Facebook Drops Search Tool Used To Scrape Public Profiles

Facebook has announced that it has disabled a feature in its search tool that previously allowed users to find the profiles of other people on the social media platform by just entering a phone number or email address into the site's search bar. Mike Schroepfer, Chief Technology Officer at Facebook, said in a blog post that while the functionality could help people find more friends on the social networking site, it could also have allowed bad actors to extract public profile information by using the phone numbers or email addresses they already possess, noting the scope of the activity the company has observed.

The move is just a part of a broader overhaul that the Menlo Park, California-based company is introducing to its platform in response to calls for more robust data privacy measures following the discovery of a data misuse affecting the private information of tens of millions of Facebook users allegedly perpetrated by Cambridge Analytica, a British data mining and political consulting firm that was hired by the camp of Donald J. Trump back in 2016 to assist in his campaign for his presidential bid. Cambridge Analytica allegedly mined the information of a huge number of Facebook users and exploited the data in a bid to influence the results of the 2016 U.S. elections. In the blog post, Schroepfer revealed that from the initial rough estimate of 50 million private data, Facebook now believes up to 87 million users mostly in the United States may have been affected by the Cambridge Analytica data misuse, suggesting a wider scope of the data misuse than previously believed.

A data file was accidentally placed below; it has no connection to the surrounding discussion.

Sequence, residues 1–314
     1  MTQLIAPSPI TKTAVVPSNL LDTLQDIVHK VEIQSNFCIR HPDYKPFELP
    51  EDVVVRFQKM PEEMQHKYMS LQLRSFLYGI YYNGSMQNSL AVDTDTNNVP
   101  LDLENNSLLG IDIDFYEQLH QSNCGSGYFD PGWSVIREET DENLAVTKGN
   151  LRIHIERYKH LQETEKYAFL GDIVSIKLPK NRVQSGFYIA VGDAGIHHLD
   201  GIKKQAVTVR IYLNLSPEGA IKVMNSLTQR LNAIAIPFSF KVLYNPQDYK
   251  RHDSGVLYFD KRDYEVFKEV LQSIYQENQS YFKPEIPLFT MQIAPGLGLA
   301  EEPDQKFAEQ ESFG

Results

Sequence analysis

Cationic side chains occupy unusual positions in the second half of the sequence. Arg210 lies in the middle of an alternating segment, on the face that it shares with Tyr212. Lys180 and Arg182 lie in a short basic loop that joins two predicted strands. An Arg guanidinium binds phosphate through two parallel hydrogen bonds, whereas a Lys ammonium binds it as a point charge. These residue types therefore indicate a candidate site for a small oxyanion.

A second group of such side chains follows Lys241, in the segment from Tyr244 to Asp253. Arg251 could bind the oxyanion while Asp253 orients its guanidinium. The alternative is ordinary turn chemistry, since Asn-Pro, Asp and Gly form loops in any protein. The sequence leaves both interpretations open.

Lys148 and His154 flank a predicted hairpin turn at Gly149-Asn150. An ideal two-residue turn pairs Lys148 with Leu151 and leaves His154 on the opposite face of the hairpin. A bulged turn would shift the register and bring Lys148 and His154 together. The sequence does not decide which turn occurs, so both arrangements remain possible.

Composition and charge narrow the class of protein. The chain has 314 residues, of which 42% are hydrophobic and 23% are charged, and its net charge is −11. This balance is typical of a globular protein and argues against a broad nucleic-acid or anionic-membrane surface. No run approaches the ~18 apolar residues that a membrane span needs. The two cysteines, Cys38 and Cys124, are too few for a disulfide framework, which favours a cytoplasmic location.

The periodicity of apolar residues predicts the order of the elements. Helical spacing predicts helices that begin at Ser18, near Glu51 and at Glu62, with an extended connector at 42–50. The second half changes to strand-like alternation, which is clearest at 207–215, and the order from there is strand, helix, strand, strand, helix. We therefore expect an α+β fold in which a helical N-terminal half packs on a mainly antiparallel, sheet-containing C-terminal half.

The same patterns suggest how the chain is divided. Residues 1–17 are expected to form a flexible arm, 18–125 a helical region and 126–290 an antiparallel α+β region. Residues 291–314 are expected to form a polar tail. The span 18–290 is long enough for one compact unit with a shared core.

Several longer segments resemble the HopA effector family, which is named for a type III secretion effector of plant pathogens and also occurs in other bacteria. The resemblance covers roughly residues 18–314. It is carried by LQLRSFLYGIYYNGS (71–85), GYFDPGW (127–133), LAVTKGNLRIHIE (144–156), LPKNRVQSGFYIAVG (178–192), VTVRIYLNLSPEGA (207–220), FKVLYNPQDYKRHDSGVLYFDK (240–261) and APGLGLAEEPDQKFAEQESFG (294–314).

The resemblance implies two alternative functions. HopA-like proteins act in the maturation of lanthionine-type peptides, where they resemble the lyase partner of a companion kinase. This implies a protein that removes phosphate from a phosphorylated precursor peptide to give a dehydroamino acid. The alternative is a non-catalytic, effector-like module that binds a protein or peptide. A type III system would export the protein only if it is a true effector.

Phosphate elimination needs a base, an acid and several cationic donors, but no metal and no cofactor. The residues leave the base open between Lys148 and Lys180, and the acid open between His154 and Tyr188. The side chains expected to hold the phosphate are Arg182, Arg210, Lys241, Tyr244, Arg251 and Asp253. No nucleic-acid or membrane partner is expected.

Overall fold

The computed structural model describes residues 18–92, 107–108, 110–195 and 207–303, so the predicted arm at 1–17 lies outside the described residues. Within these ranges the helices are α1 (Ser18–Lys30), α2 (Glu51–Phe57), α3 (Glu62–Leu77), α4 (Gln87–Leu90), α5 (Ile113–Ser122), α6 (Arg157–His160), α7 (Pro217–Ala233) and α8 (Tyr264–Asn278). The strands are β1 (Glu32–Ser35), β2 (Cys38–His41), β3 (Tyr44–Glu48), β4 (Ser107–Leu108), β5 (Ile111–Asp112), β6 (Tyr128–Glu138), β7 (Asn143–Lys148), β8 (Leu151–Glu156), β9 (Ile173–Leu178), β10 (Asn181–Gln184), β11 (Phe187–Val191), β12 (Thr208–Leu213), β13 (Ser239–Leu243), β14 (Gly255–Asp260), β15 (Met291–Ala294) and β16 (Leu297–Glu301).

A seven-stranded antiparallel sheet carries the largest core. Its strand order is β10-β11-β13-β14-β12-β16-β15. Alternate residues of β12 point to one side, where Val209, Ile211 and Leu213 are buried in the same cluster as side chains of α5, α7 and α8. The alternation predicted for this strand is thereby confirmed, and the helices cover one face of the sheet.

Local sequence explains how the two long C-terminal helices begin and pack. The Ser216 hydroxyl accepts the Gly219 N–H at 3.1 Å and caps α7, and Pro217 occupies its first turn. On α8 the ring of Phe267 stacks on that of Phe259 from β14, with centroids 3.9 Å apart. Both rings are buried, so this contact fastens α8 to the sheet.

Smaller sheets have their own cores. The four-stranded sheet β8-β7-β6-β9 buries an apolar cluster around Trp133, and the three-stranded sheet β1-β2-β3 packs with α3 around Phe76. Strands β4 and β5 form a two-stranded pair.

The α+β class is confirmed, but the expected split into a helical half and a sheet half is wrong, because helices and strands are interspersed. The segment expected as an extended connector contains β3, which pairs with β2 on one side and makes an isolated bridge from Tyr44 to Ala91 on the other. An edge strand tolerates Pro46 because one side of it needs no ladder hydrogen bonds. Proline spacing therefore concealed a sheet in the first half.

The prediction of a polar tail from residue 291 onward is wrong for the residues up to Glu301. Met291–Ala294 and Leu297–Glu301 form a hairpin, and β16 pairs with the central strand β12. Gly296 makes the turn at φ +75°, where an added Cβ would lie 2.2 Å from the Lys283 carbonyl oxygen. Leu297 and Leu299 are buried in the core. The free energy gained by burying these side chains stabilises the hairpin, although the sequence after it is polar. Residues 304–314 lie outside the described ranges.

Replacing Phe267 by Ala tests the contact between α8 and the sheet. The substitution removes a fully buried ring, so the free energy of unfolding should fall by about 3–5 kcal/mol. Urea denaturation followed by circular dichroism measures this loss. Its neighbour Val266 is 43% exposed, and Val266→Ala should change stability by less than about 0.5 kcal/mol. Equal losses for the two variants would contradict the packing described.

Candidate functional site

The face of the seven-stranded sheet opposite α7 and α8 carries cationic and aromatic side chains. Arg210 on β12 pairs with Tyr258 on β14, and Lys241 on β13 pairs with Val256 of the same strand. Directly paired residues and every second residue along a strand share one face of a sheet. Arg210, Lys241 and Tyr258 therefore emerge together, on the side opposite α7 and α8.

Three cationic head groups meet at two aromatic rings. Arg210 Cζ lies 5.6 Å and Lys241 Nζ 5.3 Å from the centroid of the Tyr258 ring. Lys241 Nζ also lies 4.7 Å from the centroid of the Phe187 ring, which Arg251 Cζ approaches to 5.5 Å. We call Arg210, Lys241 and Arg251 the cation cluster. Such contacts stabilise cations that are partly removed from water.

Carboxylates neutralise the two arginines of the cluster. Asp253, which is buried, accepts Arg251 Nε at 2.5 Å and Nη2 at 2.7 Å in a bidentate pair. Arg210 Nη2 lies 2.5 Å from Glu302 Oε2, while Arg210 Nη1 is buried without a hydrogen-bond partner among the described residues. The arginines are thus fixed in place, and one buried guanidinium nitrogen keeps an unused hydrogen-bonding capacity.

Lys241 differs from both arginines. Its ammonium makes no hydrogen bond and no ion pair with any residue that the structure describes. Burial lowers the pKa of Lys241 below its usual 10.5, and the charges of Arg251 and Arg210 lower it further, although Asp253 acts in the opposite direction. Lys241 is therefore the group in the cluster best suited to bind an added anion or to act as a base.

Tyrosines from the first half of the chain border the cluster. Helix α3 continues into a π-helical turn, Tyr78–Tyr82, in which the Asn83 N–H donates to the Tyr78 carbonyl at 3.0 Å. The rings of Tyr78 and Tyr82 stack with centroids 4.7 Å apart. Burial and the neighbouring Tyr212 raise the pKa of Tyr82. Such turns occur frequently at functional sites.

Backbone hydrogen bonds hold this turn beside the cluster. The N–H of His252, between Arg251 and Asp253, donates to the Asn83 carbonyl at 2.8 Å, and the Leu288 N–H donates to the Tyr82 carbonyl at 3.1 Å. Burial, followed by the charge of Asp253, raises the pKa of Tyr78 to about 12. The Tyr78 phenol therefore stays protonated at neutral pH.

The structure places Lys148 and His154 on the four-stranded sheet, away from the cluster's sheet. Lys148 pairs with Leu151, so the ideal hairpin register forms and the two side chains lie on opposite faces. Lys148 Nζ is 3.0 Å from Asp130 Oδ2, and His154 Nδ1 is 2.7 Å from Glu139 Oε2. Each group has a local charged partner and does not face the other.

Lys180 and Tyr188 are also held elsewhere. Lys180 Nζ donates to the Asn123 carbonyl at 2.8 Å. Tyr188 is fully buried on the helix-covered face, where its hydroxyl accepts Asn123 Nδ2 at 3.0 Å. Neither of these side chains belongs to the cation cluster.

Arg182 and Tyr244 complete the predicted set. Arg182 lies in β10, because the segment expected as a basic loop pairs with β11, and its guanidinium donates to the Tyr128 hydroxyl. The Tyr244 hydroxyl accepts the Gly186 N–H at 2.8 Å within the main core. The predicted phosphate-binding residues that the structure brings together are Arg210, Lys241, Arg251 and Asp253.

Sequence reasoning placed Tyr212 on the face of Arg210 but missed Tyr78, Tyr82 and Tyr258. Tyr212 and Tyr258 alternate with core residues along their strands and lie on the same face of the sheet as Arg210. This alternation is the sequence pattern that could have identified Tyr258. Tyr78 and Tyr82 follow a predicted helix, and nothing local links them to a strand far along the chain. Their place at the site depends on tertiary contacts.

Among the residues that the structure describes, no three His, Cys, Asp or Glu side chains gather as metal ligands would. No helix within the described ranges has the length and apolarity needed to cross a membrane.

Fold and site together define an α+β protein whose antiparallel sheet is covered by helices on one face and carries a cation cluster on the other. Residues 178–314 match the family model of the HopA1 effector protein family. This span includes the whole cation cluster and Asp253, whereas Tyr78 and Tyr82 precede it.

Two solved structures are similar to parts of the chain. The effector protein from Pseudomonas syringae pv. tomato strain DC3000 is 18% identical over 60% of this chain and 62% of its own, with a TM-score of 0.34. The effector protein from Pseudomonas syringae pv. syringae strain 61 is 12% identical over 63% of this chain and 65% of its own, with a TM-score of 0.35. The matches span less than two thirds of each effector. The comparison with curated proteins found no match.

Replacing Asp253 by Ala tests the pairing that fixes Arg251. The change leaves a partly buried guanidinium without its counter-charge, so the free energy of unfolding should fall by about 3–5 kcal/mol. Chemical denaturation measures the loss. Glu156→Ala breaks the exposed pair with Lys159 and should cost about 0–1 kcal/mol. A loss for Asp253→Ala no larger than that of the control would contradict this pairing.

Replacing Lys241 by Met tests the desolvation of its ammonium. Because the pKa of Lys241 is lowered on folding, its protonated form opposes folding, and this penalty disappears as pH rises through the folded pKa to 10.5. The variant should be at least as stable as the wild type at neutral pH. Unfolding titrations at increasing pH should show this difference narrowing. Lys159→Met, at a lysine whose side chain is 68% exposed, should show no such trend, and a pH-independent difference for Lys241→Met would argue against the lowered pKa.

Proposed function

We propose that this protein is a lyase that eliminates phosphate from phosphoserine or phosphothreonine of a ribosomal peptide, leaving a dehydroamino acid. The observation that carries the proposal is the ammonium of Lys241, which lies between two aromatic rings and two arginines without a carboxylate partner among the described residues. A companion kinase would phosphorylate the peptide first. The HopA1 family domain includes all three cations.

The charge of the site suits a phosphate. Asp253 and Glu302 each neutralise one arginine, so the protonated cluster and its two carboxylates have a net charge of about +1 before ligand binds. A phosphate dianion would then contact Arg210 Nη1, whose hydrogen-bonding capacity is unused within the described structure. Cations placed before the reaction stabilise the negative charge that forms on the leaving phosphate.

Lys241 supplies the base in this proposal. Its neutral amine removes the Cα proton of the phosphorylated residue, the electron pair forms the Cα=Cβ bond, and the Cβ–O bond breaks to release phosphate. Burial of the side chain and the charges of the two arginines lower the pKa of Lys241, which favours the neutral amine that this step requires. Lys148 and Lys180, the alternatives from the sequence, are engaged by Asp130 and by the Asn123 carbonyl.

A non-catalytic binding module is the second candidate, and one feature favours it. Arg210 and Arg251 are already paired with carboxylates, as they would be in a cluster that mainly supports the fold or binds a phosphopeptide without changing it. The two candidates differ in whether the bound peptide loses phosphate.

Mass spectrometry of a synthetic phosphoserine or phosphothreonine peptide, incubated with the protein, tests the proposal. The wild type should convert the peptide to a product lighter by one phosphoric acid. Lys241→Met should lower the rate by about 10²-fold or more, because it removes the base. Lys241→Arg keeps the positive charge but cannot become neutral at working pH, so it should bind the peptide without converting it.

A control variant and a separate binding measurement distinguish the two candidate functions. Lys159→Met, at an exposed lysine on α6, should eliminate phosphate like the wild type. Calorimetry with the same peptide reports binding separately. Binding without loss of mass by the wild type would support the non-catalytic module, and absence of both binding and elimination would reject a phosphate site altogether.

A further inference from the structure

In an effort to address the data privacy scandal, Facebook will start to notify users if Cambridge Analytica may have harvested their data as part of a move to give users a broader set of controls of the apps they use on the site. Starting on April 9, Facebook users will begin to see a link at the top of their News Feed to check what apps they use and what information they are sharing with those apps. Other changes Facebook just added to its ecosystem are related to the APIs for events, groups, pages, and the Instagram Platform API. These changes come in conjunction with Facebook's move to revise the terms of service and its data policy to provide more transparency as to what kind of user data is collected.

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About the Author

Manny Reyes

Staff Writer
A big fan of Android since its launch in 2008. Since then, I've never laid my eyes on other platforms.